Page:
What is Bodily Rhetoric?
Of physiology from top to toe I sing, Not physiognomy alone nor brain alone is worthy for the Muse, I say the Form complete is worthier far; Walt Whitman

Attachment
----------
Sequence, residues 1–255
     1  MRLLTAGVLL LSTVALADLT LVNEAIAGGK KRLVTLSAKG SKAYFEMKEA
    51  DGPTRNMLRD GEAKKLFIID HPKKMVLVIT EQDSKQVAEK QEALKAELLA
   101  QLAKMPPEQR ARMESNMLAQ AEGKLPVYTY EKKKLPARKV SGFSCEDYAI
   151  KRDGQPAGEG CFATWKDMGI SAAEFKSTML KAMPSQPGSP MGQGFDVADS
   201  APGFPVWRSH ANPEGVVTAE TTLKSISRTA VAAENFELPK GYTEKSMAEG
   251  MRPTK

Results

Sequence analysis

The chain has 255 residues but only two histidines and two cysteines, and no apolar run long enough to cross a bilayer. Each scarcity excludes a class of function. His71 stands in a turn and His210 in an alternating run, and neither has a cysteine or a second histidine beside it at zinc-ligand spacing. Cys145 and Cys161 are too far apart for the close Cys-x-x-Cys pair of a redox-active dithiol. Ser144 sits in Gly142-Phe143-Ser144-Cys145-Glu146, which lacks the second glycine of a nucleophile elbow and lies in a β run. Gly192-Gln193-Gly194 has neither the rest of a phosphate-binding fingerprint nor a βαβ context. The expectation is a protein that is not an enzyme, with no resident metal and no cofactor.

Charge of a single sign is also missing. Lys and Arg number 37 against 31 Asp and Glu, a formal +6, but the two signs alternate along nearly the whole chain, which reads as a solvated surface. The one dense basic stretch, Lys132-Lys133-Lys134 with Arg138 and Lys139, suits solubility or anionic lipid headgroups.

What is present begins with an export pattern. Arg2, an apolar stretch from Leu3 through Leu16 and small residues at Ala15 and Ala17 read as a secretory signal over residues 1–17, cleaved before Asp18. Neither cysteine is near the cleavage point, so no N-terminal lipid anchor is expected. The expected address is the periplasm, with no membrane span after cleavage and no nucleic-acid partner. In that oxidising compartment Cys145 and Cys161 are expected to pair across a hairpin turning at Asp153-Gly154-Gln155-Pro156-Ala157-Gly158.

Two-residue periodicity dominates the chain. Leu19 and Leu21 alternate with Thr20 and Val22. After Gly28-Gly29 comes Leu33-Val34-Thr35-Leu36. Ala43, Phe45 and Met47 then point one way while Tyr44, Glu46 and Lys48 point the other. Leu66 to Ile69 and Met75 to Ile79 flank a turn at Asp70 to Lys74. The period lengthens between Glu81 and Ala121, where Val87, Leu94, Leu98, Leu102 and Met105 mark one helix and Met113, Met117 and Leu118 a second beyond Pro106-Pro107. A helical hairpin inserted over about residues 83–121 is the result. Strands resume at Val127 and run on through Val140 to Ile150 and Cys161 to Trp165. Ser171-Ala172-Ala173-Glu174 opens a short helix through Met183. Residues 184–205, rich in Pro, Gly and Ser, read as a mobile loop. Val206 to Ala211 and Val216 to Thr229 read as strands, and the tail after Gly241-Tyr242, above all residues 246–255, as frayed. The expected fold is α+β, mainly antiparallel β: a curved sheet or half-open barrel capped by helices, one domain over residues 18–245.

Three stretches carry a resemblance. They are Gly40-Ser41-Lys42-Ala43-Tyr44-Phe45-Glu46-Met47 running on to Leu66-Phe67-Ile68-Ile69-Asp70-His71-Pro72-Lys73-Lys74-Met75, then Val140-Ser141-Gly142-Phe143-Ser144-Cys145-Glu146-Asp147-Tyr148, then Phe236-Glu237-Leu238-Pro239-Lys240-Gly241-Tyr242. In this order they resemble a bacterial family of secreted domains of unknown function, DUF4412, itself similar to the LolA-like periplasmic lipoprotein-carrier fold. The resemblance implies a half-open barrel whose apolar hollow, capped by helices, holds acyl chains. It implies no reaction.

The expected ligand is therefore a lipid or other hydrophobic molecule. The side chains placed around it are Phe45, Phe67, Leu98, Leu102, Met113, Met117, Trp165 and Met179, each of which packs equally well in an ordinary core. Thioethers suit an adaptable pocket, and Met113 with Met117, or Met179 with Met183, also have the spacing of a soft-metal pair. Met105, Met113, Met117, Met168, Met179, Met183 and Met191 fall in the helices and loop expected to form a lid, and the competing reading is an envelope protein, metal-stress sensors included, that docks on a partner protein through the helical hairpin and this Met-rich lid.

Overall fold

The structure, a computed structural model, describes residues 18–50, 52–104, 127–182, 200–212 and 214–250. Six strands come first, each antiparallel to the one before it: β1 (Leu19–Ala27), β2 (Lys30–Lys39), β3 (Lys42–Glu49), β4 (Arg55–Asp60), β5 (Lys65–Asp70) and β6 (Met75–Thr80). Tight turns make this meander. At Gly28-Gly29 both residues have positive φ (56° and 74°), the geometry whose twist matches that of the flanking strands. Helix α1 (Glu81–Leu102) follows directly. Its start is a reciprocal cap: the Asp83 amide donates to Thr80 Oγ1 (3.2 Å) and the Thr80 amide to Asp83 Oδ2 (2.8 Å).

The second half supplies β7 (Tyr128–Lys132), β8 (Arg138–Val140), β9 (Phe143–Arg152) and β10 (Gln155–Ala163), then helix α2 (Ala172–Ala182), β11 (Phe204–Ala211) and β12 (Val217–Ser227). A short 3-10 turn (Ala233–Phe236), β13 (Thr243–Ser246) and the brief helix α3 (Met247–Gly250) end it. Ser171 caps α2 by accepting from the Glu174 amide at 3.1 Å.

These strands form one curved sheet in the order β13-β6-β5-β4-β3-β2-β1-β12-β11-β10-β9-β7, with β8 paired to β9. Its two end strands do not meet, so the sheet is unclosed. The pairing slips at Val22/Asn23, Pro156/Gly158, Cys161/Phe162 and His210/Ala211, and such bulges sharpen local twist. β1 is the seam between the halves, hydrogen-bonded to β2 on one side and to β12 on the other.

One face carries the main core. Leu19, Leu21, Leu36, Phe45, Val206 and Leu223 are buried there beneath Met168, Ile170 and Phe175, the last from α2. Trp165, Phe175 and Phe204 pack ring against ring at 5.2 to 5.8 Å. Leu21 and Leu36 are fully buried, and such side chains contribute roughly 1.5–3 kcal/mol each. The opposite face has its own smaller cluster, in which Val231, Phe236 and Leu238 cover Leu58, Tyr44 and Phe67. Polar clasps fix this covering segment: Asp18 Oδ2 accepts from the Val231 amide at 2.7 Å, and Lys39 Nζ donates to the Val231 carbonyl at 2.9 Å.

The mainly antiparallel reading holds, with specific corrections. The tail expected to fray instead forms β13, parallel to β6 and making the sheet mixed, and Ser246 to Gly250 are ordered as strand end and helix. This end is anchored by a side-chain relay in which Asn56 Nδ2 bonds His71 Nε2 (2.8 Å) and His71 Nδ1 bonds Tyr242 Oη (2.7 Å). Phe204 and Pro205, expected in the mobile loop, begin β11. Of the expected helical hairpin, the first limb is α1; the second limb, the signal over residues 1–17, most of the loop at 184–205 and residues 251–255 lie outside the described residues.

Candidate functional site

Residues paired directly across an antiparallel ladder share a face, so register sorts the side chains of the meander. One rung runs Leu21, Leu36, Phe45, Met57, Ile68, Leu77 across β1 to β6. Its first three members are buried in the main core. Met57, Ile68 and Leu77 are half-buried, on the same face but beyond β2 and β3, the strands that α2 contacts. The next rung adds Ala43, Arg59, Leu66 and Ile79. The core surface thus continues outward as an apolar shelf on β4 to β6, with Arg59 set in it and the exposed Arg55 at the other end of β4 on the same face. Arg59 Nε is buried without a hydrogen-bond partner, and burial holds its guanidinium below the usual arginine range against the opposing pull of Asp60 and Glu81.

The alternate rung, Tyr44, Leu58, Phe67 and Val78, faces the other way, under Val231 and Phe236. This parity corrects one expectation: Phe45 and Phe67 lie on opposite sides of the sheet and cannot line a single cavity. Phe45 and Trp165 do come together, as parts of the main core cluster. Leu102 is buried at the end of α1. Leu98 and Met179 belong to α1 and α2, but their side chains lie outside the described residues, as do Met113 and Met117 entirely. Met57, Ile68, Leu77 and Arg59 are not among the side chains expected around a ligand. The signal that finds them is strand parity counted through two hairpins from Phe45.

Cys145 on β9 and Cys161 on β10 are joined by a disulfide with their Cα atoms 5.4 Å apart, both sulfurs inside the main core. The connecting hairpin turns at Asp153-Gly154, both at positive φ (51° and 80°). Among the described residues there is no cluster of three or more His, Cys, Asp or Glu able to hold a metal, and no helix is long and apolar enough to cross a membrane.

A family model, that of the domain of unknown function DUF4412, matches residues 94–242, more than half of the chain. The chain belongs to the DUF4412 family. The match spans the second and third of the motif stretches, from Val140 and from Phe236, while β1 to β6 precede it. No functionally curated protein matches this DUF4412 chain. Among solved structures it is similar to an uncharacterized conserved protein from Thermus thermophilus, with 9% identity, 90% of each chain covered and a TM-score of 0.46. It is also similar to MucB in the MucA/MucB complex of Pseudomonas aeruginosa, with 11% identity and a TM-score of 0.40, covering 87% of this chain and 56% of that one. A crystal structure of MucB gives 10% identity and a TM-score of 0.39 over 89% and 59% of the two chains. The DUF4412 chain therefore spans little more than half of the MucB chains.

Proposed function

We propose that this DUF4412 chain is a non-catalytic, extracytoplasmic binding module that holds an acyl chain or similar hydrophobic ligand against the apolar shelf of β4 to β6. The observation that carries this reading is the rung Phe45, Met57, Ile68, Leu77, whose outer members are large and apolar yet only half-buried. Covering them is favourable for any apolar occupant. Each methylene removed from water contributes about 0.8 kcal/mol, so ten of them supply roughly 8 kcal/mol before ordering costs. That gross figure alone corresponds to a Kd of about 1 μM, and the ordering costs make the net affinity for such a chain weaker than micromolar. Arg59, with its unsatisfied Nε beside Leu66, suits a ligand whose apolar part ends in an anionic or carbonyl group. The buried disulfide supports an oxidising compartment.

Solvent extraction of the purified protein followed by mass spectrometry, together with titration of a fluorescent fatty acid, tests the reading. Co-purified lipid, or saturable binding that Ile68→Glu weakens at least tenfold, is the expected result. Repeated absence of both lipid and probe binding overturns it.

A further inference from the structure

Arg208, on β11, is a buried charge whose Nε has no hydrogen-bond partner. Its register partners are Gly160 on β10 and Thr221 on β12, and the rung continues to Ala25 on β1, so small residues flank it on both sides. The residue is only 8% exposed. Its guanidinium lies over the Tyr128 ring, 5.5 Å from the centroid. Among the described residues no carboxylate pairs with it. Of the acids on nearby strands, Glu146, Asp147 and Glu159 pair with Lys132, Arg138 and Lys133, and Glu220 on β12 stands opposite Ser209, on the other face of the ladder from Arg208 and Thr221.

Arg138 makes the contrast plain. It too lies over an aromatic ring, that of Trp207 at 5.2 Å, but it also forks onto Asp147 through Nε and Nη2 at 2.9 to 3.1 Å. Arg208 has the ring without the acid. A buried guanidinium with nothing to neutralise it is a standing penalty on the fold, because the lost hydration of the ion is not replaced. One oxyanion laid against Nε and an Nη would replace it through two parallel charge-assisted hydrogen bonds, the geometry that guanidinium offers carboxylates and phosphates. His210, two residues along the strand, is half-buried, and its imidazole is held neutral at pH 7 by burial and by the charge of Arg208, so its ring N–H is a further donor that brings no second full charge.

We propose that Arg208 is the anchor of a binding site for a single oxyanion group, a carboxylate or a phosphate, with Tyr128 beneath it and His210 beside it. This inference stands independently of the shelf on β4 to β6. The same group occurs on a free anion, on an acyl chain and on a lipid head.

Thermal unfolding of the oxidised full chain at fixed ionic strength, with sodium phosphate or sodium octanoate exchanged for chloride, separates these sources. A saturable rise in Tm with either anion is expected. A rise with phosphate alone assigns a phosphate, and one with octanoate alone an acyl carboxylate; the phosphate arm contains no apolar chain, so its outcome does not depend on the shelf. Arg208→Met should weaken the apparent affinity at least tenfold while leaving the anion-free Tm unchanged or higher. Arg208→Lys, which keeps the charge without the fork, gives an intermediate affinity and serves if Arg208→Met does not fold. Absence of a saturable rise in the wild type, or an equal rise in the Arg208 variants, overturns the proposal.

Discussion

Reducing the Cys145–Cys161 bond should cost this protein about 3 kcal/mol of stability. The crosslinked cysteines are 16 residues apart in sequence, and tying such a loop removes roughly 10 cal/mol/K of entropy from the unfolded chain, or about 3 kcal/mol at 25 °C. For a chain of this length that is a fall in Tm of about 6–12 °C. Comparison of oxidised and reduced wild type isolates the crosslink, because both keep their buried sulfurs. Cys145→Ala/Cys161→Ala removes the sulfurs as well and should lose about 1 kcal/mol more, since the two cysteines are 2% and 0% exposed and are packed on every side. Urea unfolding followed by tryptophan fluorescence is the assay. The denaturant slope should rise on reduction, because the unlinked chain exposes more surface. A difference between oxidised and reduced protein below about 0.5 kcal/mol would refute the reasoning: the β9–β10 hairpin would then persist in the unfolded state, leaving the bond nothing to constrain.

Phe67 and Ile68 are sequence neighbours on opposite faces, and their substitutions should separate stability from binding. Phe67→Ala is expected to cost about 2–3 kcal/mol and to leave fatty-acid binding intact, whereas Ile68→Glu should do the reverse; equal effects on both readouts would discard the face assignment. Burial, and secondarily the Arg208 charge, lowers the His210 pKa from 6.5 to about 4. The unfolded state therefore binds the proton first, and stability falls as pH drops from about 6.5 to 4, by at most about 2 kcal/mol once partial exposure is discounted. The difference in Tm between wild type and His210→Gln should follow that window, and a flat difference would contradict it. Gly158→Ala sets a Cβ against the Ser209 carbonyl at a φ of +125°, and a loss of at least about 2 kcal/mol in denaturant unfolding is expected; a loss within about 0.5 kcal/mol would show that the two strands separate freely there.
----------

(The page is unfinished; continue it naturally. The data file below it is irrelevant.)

According to Michael Davidson, “Disability—like the aesthetic—challenges ideas of bodily and cognitive normalcy” (see The Disability Studies Reader, p. 125). Bodily and cognitive norm/normalcy! These are the concepts that need to be challenged and questioned constantly, either in relation to a community we inhabit, or a society and its vastly influential ideologies, such as state or cultural nationalism, socialist-feminism, liberalism, etc. In order to define “bodily rhetoric” one needs to define “bodily normalcy”. If we perceive a body as a tangible matter that is subjected to constant change and transformation, and as something that is nurtured or neglected, movable or immovable, modified or non-modified, exotic or non-exotic, normal or abnormal, and rhetoric as the ability to construct and reconstruct our ideas and thoughts, emotions, experiences through a medium of speech, voice and language, then how do bodies and rhetoric operate within a system based on well rooted norms and principles? If we consider the following: Today, “one in ten persons lives with a cognitive or physical disability, and according to UN estimates, 80 percent live in developing countries. More than 50 percent of the people in the world’s forty-six poorest countries are without access to modern health care. Approximately three billion people in developing countries do not have access to sanitation facilities, and one billion in those countries lack safe drinking water” (Davidson 117), then where does “bodily normalcy” fit here? If you do not have access to basic nutrition and safe drinking water, are you disabled? The answer is yes, because the person’s body cannot advance without basic forms of sustenance. How do you voice your experiences and desires through a body if the body is deprived of basic nourishment, and if it is in gradual deterioration. In a world where bodily norms are perceived differently (for example, whereas having a nose surgery is a norm in one country, it can be viewed as a complete abomination in another country), the rhetoric of the body is very important. Bodily rhetoric or the rhetoric of the body is an ability to voice our identity, the sense of belonging, our desires and fears; it is an ability to construct our inner values to the outside world, but most importantly, bodily rhetoric is used as a tool to transform minds, whole generations and societies, either in positive or negative ways. In today’s societies, bodily rhetoric is oftentimes used to deceive and manipulate the masses, and to hide or mask the true intentions of the speaker. Bodily rhetoric matters a great deal because not only does it define our gender, our national or cultural background, but it also reconstructs and re-defines who we really are; it shapes and structures our identities more than we are aware of.